"I loved it beyond anything I had anticipated," says Mimi Osborne about the day in 1979 when she started swimming in San Francisco Bay. "To be in water that has its own motion, and its own wildlife, is wonderful."
She's been swimming in the Bay ever since. Five mornings a week, she's in the water at Aquatic Park. "And every morning, it's a feeling of renewal."
"Bay swimming changed my life," says Mimi. "It turned me into a very active person. It's good for my body, and good for my mind. When I was widowed, I was surprised by how much comfort it is."
Over the years, Mimi has seen a lot of changes. During the 1960s, there was a sign on the Aquatic Park municipal pier that said, "Please throw trash overboard."
Since then, she's seen a big decrease in trash and sewage pollution in the Bay. "The Bay looks better, and the water clarity has improved," she says.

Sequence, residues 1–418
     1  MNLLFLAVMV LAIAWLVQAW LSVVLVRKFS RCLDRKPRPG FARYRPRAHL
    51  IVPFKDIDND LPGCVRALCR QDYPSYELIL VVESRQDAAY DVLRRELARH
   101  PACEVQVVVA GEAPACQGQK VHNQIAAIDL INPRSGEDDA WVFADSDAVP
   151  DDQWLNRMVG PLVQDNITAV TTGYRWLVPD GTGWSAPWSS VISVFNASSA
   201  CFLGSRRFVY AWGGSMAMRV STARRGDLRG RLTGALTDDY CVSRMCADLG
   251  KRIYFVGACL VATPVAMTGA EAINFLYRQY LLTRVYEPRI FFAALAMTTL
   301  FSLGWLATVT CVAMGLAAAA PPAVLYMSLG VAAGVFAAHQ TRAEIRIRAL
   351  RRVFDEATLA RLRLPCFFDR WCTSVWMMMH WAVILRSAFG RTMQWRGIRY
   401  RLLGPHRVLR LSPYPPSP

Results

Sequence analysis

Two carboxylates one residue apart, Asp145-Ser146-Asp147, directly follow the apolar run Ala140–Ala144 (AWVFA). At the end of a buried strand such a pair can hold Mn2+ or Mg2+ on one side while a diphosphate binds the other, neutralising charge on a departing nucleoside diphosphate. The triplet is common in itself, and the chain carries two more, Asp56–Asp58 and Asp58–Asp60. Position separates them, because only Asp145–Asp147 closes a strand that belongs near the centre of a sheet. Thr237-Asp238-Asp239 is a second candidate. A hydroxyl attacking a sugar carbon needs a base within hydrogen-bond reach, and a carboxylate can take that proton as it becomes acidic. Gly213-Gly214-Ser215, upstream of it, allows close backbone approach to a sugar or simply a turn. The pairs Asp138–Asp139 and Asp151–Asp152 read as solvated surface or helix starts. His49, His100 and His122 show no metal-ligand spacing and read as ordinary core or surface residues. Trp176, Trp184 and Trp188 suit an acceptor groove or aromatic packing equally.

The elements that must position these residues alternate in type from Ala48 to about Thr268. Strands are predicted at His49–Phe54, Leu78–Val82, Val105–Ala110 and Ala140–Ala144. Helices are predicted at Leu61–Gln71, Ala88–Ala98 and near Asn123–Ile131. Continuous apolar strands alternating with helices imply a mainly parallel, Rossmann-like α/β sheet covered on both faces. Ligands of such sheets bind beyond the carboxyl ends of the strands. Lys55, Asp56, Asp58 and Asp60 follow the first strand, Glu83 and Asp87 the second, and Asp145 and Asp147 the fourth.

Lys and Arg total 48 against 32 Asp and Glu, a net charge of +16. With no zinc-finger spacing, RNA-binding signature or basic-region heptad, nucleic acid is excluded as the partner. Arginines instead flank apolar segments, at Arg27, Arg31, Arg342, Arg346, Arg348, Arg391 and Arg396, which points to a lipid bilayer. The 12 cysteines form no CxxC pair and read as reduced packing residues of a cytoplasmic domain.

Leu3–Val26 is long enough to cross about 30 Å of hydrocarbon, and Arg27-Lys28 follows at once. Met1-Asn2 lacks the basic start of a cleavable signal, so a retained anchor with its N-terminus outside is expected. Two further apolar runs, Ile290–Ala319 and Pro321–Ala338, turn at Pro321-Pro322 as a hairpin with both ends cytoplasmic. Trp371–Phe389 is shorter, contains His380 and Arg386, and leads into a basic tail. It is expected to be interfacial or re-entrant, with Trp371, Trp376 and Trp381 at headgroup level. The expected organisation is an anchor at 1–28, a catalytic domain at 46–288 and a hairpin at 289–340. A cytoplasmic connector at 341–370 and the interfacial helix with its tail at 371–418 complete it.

Mimi believes that Baykeeper has been a major part of this improvement. "Baykeeper has done a good job of getting at pollution at its source. They were the first group monitoring on an ongoing basis. And Baykeeper had a good sense of where to look and where scofflaws might be who would illegally release toxic stuff into the Bay."
An architect by training, Mimi now works as a botanical illustrator. Her illustrations have appeared in Bay Nature magazine, the Bay Trail Guide, and in numerous books and websites. She has also donated paintings to the auction at Baykeeper's annual dinner.
In the future, Mimi would like to see more beaches around the Bay for swimming access. She'd also like to see more facilities along those beaches like the Dolphin Club, where she is a member, with services such as lockers and showers. "It would be nice if people could get into the water at more places," she says, "because today, the Bay is clean enough to swim in."
Photo by dankutler.com/photography